"What we need is some way of being able to evaluate schools so we can make a selection," said Mr. Annes, advocating that data on the performance of students from particular high schools--information that is well known to college admissions officers--be made public.
At least one teacher who attended the hearing is not threatened by the prospect of national standards.
"I really do like the idea of a common framework," said Cindy Chapman, an elementary-school teacher from Albuquerque who is vice president of the New Mexico Federation of Teachers.
"I don't mind being told, 'This is what we would like our kids to do,"' she said. "What's dangerous would be if we were told exactly how we had to do it."
Ms. Chapman acknowledged that, as a union official, she is particularly aware of national events, and said that her school principal made a point of discussing the education goals with his staff.
But she may have been the exception at the forum. Every other educator interviewed at the meeting said there is little awareness of the goals in their schools.
"Right now, the field doesn't know a whole lot about the goals," said Diane Proctor, coordinator of program evaluation and testing for the Jefferson County, Colo., schools. "Only a handful in my district know about it. It's certainly not part of their life."
Several educators said resentment on the part of teachers who are aware of the goals stems at least in part from a feeling that they are being "imposed from above" with little input from educators.
"I think we need more involvement of school people," Ms. Proctor told the goals panel. "You need to recognize that schools are real places with real students and real teachers. In schools, national assessment is viewed as an invasive process."
"If this is going to work," she added later, "there's got to be something in it for us, not just politicians who want media exposure. There's got to be something a teacher can use to help kids."
Noted Cherie Lyons, a consultant who prepares grant applications for the Jefferson County schools: "There's a major power issue that underlies this."
Gov. Mike Sullivan of Wyoming--the only governor to bring a teacher with him to last year's education summit in Charlottesville, Va.--also testified that more educators and parents should be directly involved. When he asked how many were present, 13 teachers and 4 parents raised their hands.
"My concern as a governor is that we not go through this venture without involving these people," he said.
The Administration and many governors have opposed suggestions by some members of the Congress that the monitoring panel--which consists of Administration officials, governors, and nonvoting Congressional members--include educators.
But Mr. Romer noted that teachers were included in some of the panel's resource groups, and he promised that teachers would be included in discussions of national standards. He pointed to the National Council of Teachers of Mathematics' recent efforts to form a national consensus on changes needed in math curricula as an example of an approach worth pursuing.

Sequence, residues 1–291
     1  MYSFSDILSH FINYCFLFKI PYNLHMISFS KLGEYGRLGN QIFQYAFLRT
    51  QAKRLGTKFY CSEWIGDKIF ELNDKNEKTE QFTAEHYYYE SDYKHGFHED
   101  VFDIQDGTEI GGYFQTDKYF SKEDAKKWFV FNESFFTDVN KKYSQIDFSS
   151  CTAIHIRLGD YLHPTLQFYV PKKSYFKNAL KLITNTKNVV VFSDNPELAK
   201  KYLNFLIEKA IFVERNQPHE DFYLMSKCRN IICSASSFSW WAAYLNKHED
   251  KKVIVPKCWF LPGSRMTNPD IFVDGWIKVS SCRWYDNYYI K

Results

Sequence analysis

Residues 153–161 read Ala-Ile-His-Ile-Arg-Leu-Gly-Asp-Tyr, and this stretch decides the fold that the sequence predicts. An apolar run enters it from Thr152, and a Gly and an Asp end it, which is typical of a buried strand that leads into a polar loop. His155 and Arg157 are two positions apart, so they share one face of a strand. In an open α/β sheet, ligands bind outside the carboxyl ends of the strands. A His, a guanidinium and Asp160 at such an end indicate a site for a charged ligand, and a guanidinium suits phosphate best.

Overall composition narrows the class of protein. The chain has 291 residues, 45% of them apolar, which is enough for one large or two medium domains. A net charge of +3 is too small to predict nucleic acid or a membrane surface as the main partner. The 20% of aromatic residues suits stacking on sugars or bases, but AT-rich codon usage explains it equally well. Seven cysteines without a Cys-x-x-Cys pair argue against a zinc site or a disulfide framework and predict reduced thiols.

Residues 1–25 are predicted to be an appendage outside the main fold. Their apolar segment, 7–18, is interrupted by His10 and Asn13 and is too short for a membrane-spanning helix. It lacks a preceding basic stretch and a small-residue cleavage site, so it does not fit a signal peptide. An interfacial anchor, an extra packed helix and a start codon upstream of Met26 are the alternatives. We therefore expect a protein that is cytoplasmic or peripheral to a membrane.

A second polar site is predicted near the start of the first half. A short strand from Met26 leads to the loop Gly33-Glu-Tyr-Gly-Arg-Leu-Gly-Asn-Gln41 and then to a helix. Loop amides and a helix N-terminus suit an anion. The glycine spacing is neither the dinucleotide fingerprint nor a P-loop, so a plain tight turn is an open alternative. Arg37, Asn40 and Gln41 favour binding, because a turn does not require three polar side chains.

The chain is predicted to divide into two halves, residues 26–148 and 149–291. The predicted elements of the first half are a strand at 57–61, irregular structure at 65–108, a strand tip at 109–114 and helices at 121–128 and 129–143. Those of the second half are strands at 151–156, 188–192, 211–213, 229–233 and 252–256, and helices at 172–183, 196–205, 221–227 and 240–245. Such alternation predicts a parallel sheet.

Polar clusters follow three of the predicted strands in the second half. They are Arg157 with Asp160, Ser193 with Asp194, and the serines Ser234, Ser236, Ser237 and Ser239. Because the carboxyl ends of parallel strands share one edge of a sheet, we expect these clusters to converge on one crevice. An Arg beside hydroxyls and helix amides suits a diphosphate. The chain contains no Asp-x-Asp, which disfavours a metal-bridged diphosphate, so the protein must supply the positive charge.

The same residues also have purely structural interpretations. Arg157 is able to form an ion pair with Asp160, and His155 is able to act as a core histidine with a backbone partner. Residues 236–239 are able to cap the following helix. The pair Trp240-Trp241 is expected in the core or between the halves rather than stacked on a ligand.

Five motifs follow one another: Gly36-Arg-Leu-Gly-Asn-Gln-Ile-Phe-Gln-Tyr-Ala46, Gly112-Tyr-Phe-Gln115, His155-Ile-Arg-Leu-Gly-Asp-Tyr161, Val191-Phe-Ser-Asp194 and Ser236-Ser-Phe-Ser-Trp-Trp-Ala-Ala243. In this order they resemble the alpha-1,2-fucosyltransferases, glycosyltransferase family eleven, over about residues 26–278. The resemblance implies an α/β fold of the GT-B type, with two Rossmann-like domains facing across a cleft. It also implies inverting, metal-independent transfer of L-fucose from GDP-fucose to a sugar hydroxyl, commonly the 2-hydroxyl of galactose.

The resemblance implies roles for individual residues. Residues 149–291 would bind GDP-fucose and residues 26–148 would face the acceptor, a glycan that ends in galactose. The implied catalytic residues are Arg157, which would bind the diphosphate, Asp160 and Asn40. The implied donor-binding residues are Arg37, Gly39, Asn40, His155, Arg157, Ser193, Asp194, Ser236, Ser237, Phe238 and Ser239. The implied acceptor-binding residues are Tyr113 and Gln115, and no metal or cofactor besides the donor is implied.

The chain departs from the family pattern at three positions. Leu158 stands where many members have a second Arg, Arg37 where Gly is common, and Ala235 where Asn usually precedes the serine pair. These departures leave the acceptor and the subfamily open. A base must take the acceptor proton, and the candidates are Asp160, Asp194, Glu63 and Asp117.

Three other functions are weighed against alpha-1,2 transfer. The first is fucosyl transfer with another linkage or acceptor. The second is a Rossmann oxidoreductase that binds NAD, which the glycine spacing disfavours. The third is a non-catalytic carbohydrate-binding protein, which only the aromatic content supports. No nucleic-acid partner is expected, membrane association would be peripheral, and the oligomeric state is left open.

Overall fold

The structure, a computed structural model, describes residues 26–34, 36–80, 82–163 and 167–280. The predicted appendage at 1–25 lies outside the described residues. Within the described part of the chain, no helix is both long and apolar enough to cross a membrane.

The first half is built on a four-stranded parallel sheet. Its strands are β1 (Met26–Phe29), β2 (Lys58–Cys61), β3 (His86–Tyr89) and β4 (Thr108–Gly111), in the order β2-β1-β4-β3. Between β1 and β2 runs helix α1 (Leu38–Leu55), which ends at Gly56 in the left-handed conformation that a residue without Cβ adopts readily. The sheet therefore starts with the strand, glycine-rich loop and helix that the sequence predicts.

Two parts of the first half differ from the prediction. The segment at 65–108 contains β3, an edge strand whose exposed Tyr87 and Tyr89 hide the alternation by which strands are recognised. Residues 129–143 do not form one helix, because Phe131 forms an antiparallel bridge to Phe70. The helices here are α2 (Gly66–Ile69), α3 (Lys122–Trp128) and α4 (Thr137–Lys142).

"If you are concerned that we're not going to have teachers in the loop," Mr. Romer said, "I'd say teachers are going to be dominant."
Some speakers complained that the assessments being discussed by the goals panel focus too much on outcomes and too little on the resources and programs needed to improve achievement.
"Either the resource group has too narrowly defined its charge or its charge was too narrow," said Ron Lally, director of the Center for Child and Family Studies in Sausalito, Calif., commenting specifically on recommendations for measuring progress toward the first goal, which deals with school readiness.
"It's balanced too heavily toward child functioning and not enough toward measuring the efforts of institutions that serve children," he said.
Dan Morris, president of the Colorado Education Association, added: ''The panel's emphasis on results without any discussion of what produces those results could leave the American public merely frustrated. Your recommendations in this area are a statistician's delight, but I don't see how they would help me or my students."
In response to such comments, Mr. Romer acknowledged that many of the speakers had "tapped into some of the ongoing debate in this panel.'' The Governor has been battling Administration officials and some Republican governors over assessment of resource deployment, and particularly of the federal government's efforts. (See Education Week, April 10, 1991.)
"Some governors will say our purpose is to measure outcomes," Mr. Romer said, "but I don't believe [resource measurement] is off the table at all."
In answer to another speaker, Secretary of Education Lamar Alexander gave a somewhat different answer.
"By saying the governors want to focus on results," he said, "doesn't mean we're not interested in what money and other resources it takes to get there."
"You don't measure the results of a race by the amount of exercise the participants got, but by who gets there first," Mr. Alexander said, adding that participants can study the results and their cause in an effort to improve.
"Hopefully, [the assessments] would lead people to look at what they need to do to get there," he said.
The goals panel has scheduled additional public meetings April 22 in Greenville, S.C.; April 25 in Columbus, Ohio; April 30 in Des Moines, Iowa; May 2 in Portland, Maine; May 3 in Annapolis, Md.; May 8 in Seattle, and May 17 in Little Rock, Ark.
Written comments will be accepted until May 15.
Vol. 10, Issue 31, Page 1, 23